'Gaddafi’s regime looks like a beacon of light compared to the current govt'
The town of Bani Walid has come under siege from government troops seeking to arrest those responsible for the death of Omran Shaaban – the man who is credited for capturing Gaddafi last year.
Geopolitical analyst Patrick Henningsen told RT that there’s no stability in Libya compared to before the onset of last year's NATO bombing. But now as Bani Walid asks for UN help, Henningsen says residents shouldn’t expect much in terms of assistance.
The United Nations hasn’t done anything of value in the last decade or two. It’s a complete failure led by the United States and its ‘Mini me’ Britain, he said.
Henningsen spoke to RT about the current situation in Bani Walid and Libya as a whole.
RT: The siege of Bani Walid started because the government wants to arrest the suspected murderers of the man who's thought to have captured Colonel Gaddafi. The town failed to hand them over – but is the siege an appropriate response?
Patrick Henningsen: Not in a civilized, normally formed country. But as we know, Libya is anything but civilized and formed in a normal, organic fashion. The ruling party in Libya right now is an amateur government. It’s an artificial creation of the west in the post-Gaddafi regime change plan. So this gives you an indication of how they’re governing in this country and certainly there is no stability in Libya compared to before the NATO bombing and destruction of their country.
RT: The residents of Bani Walid are appealing to the UN for help. Is that a good move?
PH: I don’t think they’re going to get much help from the UN, seeing as how the Untied Nations is the co-architect of this post-Gaddafi Libya. They’re half responsible for this sort of fraud that was imposed by the UN resolution in 1973, which was starting with the no-fly zone which turned into a bombing zone and a free-for-all for NATO countries. It doesn’t surprise me that the UN will be ineffectual because I can’t see one instance over the whole globe – over the whole geopolitical spectrum worldwide – where the UN has done anything of any value in the last decade or two. They’re a complete failure and they’re controlled by their number one funder, which is the United States, and its ‘Mini me’ – Britain.
RT: There's a political crisis developing too with Libya's new Prime Minister being dismissed for failing to form a government. Is the country's new political system doomed before it really gets started?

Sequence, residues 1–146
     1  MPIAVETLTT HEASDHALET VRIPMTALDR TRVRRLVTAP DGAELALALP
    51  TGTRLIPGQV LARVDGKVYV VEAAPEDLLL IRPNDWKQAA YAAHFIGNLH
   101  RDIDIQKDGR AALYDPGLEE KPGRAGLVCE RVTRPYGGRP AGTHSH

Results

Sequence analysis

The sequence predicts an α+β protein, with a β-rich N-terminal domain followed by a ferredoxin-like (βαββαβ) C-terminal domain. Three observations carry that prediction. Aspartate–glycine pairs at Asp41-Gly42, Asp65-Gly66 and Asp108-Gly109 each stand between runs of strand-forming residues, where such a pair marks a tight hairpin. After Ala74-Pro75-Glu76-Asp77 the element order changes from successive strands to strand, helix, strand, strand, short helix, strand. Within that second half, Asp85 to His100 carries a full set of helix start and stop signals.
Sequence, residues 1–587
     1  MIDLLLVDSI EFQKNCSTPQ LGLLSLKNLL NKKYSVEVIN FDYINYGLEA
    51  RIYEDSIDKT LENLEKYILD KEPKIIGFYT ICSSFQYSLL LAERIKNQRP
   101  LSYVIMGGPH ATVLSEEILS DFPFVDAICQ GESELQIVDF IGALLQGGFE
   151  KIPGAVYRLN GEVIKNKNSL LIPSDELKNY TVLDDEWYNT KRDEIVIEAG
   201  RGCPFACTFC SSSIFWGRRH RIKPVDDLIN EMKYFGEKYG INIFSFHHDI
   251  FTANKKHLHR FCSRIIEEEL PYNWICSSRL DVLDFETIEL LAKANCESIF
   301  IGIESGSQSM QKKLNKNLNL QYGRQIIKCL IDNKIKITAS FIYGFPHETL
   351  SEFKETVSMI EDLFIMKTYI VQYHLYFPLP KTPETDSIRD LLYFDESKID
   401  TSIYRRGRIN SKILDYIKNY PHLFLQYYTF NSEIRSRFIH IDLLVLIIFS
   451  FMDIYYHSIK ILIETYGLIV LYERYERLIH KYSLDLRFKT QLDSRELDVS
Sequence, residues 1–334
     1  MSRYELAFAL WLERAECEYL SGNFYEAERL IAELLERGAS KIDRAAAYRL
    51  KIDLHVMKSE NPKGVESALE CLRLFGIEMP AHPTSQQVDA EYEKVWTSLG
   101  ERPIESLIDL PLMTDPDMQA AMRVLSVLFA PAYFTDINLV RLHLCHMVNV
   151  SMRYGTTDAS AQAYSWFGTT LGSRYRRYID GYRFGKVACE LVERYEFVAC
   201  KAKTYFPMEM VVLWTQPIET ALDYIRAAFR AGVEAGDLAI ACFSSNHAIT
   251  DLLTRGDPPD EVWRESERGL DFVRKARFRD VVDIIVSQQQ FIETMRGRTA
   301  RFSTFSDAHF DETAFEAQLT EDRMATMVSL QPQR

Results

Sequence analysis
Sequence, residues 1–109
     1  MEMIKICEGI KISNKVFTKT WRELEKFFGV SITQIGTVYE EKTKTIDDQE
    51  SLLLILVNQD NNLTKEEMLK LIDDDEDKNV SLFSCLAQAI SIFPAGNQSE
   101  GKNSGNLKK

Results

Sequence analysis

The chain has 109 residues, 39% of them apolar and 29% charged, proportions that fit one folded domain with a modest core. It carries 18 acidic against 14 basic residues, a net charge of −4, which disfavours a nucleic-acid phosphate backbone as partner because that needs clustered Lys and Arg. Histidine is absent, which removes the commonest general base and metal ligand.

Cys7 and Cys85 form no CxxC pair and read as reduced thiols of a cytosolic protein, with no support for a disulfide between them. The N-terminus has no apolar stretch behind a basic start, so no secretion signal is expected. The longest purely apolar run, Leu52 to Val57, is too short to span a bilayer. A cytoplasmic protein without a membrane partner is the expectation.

PH: The western, imperialist plan with Libya has come after a couple of other so-called ‘successes’ which they would count as Afghanistan and Iraq. If you look at the US-installed president in Afghanistan, Hamid Karzai, he doesn’t have any real legitimacy amongst Afghanis – but he’s backed by the US and he’s a US puppet. In Libya, it’s even worse because the west is having trouble with this overt agenda of installing a pro-American, pro-western banking sort of leader. So they’ve got serious problems in Libya. There’s no legitimacy with this post-Gaddafi government. It makes Muammar Gaddafi’s government look like a beacon of light in a shining city on a hill.
RT: What lessons can we learn from Libya in regards to dealing with the long-running crisis in Syria?
PH: Syria is directly linked to Libya because Libya did send al-Qaeda fighters, who are being backed by the west in a logistical and financial fashion. This reminds me of the Spanish inquisition where instead of Rome imposing Catholicism on the Spanish and people who resist, this is like the freedom and democracy inquisition. That’s really what we’re looking at. Especially in terms of Libya and Syria. This is the west going in directly or through its proxies or through its gulf state petro-monarchies in order to impose a western friendly regime in that country that they can then go and colonize in a financial way. Particularly, we’re talking about private banking and public private initiatives and selling off the assets of the country for pennies on the dollar to western countries. That’s what the plan was in Libya. They’re having trouble because of instability. And in Syria, it could be much worse because in Syria, we’re looking at a protracted civil war in the making, or something even worse.